Becoming a frugal person can be a tough lifestyle adjustment at times. There are a lot of small habits many people do that more financially conscious people just don’t. And there are plenty more that people new to the life of frugality may not think to do. Here are several habits that anyone working to living a more financially savvy life should work to adopt, and also a few to drop.
There are many reasons to embrace being more economical, but more often than not, people decide to make a financial lifestyle change because they have accumulated debt or are living paycheck to paycheck and would like to take better control of their situation.
“Truly frugal people must have long-term goals.”
Having a vague goal may help in getting started, but it provides little direction for your choices. The Simple Dollar explained that truly frugal people must have long-term goals. They work hard to ensure they will have sufficient funds for major purchases and experiences later on in life, whether that be a house or an early retirement.
Wise Bread added that meticulous budgeters know the importance of being extremely in tune to their finances. They know exactly how much money is coming in during any given month, and how much is going out. This is the best way to be truly proactive with your money.
Grocery shopping is a necessary activity every family does typically once a week. The average American spent $3,971 on food at home in 2014, according to the Bureau of Labor Statistics. The amount spent on groceries steadily crept up from $3,921 in 2012. However, frugal people do their best to cut their grocery bill every week.
They do this through many different strategies. Go Banking Rates contributor Donna Freedman explained that people who budget more meticulously look at the manager’s specials at the grocery store. These are generally foods that are near their expiration date, or are imperfectly packaged. You might be able to find some good meat, nearly dated dairy or foods in dented boxes.
Living on Fifty blogger Gretchen Lindow wrote checking the loss leader, or weekly shopper, to find out what will be on sale at the store that week is always a good tip, too.
It’s also important to keep track of the items you already have at home. Did you recently buy a bag of spinach? Beware that this can go bad quickly, so be sure to incorporate it into as many meals as possible. If you made a large batch of something, make an effort to finish the leftovers before they go bad. This might mean bringing it to work for lunch or having that lasagna for dinner a few days in a row.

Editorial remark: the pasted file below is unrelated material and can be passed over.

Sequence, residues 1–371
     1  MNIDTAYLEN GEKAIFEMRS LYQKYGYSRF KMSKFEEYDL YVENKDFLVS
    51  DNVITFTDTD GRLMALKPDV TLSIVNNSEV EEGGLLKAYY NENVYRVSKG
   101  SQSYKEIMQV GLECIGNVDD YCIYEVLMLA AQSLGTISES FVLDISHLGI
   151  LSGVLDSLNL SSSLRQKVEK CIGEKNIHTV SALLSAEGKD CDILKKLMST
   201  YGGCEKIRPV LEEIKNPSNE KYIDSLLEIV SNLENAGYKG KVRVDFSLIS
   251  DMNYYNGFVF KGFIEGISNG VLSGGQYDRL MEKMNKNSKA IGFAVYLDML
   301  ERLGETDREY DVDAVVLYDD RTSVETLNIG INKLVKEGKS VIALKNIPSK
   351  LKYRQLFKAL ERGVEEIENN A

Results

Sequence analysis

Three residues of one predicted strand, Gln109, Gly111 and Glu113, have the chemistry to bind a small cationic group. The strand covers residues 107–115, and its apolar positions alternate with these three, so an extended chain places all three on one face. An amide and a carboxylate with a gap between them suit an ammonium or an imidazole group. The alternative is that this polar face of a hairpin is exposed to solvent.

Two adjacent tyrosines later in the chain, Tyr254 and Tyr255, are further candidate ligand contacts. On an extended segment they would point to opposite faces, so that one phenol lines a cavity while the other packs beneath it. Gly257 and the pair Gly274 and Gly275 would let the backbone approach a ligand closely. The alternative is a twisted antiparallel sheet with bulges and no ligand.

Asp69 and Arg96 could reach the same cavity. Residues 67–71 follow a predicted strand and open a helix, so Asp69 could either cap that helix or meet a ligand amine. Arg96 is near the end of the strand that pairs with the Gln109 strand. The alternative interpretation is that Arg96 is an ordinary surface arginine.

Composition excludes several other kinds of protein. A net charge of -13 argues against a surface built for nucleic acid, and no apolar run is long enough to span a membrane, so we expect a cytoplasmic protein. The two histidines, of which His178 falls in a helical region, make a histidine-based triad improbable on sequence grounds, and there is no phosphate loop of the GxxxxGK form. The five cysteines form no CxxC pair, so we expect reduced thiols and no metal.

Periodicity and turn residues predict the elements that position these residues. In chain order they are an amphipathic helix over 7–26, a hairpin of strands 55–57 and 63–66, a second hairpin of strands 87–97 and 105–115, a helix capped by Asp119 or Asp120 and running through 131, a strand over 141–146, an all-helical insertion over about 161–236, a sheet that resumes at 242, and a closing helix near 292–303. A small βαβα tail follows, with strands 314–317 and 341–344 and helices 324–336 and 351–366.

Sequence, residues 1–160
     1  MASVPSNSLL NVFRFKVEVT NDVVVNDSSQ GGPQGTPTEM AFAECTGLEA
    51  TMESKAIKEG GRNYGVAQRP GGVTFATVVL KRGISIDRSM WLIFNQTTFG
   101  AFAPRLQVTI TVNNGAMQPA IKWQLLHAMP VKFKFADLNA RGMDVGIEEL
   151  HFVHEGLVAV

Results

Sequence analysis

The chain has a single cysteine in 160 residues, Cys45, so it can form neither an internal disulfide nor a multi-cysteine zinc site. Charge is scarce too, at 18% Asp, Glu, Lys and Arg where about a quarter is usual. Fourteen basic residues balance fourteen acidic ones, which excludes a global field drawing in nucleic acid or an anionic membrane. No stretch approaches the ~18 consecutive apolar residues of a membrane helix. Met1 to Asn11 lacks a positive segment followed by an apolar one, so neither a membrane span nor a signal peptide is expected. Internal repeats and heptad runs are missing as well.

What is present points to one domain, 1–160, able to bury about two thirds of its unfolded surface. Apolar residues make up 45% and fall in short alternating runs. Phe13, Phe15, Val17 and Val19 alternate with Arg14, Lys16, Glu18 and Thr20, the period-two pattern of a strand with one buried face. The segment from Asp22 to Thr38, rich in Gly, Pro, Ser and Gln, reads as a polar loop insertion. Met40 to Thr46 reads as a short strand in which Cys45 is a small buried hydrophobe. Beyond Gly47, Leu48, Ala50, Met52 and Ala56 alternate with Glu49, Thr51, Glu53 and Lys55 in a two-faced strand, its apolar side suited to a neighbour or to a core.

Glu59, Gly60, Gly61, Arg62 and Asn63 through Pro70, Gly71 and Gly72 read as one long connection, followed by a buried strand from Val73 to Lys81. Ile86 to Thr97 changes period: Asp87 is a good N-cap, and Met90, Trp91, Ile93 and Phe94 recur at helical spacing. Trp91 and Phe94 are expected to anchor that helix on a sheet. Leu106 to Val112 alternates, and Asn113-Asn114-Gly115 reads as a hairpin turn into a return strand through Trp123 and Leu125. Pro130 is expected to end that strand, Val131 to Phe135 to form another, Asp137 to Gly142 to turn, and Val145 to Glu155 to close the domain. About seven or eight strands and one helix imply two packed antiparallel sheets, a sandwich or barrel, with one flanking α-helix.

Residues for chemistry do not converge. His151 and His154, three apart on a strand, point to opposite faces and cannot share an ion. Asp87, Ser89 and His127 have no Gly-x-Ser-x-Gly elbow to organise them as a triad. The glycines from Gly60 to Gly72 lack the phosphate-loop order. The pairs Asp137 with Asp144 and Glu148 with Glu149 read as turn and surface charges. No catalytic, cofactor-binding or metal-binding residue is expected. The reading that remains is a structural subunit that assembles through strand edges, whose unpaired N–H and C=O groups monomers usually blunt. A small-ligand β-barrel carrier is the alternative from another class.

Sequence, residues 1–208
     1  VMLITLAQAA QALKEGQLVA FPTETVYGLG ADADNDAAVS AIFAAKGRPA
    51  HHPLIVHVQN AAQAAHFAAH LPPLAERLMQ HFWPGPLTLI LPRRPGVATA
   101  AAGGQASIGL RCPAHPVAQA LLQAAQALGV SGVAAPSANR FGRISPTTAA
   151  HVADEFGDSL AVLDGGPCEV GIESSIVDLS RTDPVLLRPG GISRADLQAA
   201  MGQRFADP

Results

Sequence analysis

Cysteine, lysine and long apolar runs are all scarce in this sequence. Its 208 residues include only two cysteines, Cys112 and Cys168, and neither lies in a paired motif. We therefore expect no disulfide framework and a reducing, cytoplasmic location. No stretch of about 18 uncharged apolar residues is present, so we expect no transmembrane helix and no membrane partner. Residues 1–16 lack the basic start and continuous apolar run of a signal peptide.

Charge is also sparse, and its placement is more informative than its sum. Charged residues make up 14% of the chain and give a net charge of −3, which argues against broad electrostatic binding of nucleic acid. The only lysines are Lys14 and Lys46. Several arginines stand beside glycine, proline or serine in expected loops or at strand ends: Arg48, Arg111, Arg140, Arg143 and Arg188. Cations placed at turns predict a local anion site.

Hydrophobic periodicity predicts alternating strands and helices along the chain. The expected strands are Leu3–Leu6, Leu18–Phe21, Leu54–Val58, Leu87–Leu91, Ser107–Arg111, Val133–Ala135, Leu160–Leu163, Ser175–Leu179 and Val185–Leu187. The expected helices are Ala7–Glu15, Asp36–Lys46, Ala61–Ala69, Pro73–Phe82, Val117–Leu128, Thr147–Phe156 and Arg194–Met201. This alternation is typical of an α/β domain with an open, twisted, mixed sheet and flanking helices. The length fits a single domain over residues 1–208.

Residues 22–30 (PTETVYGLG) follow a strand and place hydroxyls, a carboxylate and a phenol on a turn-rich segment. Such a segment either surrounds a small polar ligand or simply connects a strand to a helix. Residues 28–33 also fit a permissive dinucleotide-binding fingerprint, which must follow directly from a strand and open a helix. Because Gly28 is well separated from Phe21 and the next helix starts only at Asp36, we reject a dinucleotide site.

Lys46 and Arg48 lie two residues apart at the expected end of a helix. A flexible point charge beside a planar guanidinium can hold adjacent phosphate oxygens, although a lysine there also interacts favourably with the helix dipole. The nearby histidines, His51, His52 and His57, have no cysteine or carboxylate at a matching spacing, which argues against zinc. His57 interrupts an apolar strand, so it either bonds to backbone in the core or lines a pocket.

Buying Used Won’t Kill You
This goes for everything from clothing to household supplies to scrap paper. If you need a new pair of work pants, or a dress for a special occasion, head to your local thrift shop before going to the mall. The clothes there are often in great shape and can save you a lot of money. Some will even have clothes that still have their original tags on.
Household goods can also be found here. But Freedman explained you may even be able to pick some of these things up for free elsewhere. Take a stroll around the block on trash day and you may find some great additions to your home, like lamps, mirrors or small tables. People often throw away things they don’t know how to donate, or have the energy or time to sell. Just be sure to check it over to make sure it’s free of bugs or mold.
Free things can be found in other ways, too. Enter every contest you see. Even if you don’t want the prize, it can often make a great gift or be sold to someone who does want it. Another place to find a nice gift for free is the giveaway shelf at your local library.
Paper is another area where money can be saved. Why buy it when it’s just going to be used as scrap paper and thrown away? Instead, check the recycling box for paper that’s only printed on one side. Stock your scrap paper pile at home with this. Just be sure it’s OK to take it.
These habits may take time to adopt and will probably take some careful strategizing. Your non-frugal friends may say it’s weird or too time-consuming. But you’ll come out ahead in the end by picking up some financially savvy habits.